14. Space

    Space Well-Known Member

    "It really doesn't cost that much to improve almost any room's response. It mainly just takes a bit of digging into the math, and learning the basics of what is known to be accurate and proven principles of enclosures and their optimization for music and/or vocal recording."


    I know that from first hand experience. It costs less to do the job right, one time, then it does to do it wrong one time.
     
  15. RemyRAD

    RemyRAD Guest

    With the great proliferation of home recording, I have this to add. Home recording is a kin to ON LOCATION RECORDING. And with on location recording such as, nightclubs, or personal spaces, churches, rehearsal rooms, outdoor festivals, etc., you don't get ideal acoustics. You can't change the acoustics. You have to use the acoustics to your best advantage. Bad acoustics can & have to be utilized when you can't change them. In home recording, it's a matter of trial and error to obtain a good workable, listenable product. Much of the bad acoustics that people talk about in home recordings is largely due to a misunderstanding of how to properly mix and/or record and excessive use of dynamics processing such as compression/limiting. This over enhances bad acoustics. So less is more. And some troublesome acoustics can actually be minimized through the proper use of fast & variable downward expansion. Sometimes people refer to that as a gate. Gates are fine for on and off, such as gating toms/snare/bass drum but gating is generally not good on vocals and any other instruments that have any kind of sustain to them. Whereas " downward expansion" is a smooth downward transition of level to a predetermined lower level. Like compression & limiting attack and release times have to be tailored to the specific singer or instrument. And with some particularly bad acoustical spaces, it might be more advantageous to properly over exaggerate it than to try and minimize it. This is what experience brings. This strange mindset of mine comes from a background in live broadcasts for radio & TV & on location and is not quite the same concept in the creation & construction of an actual purpose built recording studio. Most folks that come to this forum just don't have that kind of money to blow in their residence nor is that practical. It's an extravagant application & job to try and turn the average living space into a luxurious acoustic environment. Generally, most home studios in small spaces do not possess the cubic area necessary for any real kind of acoustic environment other than dead. And dead is dead as in disco is dead which pretty much dictated the sound in the 1970s to an environment full of a health risk of excessive pink fiberglass. And that scenario was even true at George Massenburg's ITI studio in the 1970s. We don't go there anymore (ultra dead spaces). Unfortunately, most folks just want to make a fun & nice recording at home without a real budget & a few pieces of recording equipment plugged into their laptop. Now if you were constructing a home studio and you had a space of say, 50 feet by 100 feet with 15 foot high ceilings, you'll have to shell out a few dollars but that's a warehouse not a home. So while the desire to put up some carpet or pretty acoustic foam appeals to many and you believe that will solve the sound of your recording problems, you're wrong. You're going to still have acoustic aberrations that can't be dealt with effectively in a small space without an appreciable amount of investment. So you folks should all think about home recording as an "on location" event not a studio event and that's what separates the pros from the I don't knows.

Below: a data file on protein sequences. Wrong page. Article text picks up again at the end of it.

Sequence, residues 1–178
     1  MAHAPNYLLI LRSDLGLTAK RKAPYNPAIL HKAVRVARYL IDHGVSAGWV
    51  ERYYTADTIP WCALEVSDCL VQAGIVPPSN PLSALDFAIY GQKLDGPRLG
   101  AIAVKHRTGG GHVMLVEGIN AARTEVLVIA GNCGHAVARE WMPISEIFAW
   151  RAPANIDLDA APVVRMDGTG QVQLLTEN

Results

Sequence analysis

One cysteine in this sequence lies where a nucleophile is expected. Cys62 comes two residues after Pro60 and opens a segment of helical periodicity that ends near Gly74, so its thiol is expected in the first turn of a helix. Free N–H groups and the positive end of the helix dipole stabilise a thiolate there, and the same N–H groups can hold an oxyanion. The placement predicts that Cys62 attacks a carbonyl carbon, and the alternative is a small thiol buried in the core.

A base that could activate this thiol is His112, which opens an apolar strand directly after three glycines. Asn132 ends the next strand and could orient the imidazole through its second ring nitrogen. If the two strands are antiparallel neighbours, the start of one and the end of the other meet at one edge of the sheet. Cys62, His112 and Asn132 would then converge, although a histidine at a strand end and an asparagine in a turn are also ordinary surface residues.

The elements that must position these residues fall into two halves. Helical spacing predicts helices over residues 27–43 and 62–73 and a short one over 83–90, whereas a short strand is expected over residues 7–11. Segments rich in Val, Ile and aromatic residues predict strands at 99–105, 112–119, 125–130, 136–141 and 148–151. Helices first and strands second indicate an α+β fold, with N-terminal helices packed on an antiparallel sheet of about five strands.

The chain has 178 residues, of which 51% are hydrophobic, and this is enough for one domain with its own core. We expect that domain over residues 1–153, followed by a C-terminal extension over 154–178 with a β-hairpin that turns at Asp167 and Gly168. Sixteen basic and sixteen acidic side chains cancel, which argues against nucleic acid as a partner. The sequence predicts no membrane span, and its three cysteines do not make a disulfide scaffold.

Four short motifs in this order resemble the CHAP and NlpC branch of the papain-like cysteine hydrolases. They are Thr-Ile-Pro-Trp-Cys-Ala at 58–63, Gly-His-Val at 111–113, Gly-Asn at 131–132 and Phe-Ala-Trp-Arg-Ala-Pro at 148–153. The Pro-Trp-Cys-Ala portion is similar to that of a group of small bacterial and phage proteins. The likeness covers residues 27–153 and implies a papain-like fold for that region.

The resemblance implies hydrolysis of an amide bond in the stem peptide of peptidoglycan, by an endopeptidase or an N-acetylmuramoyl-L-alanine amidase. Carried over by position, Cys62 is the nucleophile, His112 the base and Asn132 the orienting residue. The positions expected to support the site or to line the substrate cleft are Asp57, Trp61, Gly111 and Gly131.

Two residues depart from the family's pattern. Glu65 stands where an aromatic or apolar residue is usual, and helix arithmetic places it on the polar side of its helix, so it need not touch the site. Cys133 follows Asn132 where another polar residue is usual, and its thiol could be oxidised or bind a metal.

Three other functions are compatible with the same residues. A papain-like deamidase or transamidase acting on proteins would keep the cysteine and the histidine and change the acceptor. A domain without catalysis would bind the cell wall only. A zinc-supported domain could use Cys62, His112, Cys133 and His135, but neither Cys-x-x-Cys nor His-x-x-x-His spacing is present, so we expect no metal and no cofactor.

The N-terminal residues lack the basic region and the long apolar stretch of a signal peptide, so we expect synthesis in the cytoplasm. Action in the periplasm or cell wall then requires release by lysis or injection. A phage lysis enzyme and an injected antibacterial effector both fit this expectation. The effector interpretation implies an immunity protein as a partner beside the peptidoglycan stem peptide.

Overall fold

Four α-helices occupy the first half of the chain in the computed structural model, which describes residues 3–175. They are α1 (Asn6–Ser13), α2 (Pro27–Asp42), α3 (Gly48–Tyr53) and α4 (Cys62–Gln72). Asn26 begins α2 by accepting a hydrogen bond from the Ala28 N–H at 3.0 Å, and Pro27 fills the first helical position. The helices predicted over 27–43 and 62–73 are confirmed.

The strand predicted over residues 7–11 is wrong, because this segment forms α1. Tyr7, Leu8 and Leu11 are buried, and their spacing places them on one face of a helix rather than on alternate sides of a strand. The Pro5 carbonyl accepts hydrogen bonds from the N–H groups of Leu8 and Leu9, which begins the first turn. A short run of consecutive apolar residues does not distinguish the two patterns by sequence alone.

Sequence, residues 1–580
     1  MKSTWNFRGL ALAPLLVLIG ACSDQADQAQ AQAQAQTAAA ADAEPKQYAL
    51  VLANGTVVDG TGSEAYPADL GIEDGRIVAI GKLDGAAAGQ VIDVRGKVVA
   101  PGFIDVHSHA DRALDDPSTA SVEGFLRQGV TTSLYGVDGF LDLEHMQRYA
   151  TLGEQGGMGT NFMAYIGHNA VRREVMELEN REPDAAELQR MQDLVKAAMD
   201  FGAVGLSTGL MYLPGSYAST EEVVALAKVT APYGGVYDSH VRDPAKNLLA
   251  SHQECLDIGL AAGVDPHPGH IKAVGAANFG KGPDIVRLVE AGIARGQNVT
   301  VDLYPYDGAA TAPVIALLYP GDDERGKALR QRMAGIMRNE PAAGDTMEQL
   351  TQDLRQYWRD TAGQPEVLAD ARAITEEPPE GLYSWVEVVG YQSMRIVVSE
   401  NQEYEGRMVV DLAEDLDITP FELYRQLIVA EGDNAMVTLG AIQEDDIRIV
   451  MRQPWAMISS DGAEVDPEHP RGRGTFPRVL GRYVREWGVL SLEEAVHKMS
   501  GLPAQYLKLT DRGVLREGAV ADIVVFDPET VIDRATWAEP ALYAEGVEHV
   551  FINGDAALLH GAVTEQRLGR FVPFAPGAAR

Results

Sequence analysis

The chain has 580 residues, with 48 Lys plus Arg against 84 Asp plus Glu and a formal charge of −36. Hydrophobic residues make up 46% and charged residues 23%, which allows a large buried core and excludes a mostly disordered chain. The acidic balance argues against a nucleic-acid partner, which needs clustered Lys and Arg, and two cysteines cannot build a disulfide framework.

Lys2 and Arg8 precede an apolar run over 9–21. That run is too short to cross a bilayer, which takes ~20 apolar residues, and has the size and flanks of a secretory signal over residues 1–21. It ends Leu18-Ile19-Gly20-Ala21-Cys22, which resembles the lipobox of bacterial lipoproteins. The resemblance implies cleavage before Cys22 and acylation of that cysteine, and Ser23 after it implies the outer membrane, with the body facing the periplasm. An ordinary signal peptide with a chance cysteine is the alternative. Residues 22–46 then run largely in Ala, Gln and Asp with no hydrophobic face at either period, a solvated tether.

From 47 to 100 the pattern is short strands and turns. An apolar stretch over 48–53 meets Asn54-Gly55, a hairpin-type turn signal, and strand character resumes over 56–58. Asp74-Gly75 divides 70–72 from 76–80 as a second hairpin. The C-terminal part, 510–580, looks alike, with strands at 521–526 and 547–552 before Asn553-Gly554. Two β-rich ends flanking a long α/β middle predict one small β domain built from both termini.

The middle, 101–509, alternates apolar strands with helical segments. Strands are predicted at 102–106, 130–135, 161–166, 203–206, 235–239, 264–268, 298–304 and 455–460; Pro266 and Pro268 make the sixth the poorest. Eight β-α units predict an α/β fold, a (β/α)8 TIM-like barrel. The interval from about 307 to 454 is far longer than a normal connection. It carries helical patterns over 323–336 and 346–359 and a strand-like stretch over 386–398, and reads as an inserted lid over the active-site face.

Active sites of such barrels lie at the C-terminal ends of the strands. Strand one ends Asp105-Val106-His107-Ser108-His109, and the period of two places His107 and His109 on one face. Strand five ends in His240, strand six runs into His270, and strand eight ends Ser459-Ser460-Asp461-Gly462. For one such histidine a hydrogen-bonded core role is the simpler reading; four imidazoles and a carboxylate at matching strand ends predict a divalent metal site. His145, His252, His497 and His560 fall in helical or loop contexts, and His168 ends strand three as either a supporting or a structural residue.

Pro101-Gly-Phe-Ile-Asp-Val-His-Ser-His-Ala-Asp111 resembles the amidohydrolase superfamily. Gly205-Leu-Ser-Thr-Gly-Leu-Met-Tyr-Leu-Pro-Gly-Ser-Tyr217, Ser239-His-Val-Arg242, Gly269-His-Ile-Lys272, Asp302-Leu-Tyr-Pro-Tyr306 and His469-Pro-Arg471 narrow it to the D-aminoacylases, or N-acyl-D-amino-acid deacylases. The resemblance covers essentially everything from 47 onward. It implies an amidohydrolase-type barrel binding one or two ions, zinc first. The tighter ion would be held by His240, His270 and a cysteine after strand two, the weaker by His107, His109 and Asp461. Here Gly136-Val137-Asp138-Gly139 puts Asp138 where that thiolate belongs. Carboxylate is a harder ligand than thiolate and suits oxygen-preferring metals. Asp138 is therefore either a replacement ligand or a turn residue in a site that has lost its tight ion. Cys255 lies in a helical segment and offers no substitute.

I have a big nose & knows
    Mx. Remy Ann David
     
  16. dvdhawk

    dvdhawk Well-Known Member

    Unfortunately, there isn't a dedicated Acoustics forum listed here at RO anymore. Although, someone can still find lots of the archived threads if they use the right search terms.

    If you're feeling lucky, there are still loads of acoustics threads here worth reading just by using 'Ethan Winer' and/or 'Eric Desart' as search terms. Some of them are beginner friendly, and some of them are highly technical discussions between peers and engineers that will make a beginner's head explode.